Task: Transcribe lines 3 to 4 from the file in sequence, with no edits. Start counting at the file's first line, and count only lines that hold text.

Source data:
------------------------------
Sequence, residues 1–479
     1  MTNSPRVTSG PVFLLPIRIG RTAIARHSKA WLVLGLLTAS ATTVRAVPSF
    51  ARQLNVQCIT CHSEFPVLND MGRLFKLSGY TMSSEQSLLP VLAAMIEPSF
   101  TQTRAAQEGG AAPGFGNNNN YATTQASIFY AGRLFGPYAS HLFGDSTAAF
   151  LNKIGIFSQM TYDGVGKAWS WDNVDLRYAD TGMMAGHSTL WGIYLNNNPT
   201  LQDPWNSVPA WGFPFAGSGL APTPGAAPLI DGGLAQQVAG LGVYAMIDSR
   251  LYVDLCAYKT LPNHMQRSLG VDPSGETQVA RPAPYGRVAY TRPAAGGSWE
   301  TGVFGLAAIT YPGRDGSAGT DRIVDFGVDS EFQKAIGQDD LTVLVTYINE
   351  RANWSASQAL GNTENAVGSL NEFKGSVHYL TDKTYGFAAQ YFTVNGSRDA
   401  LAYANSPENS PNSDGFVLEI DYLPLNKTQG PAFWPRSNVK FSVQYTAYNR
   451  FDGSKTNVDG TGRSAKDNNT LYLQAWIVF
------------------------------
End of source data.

    51  ARQLNVQCIT CHSEFPVLND MGRLFKLSGY TMSSEQSLLP VLAAMIEPSF
   101  TQTRAAQEGG AAPGFGNNNN YATTQASIFY AGRLFGPYAS HLFGDSTAAF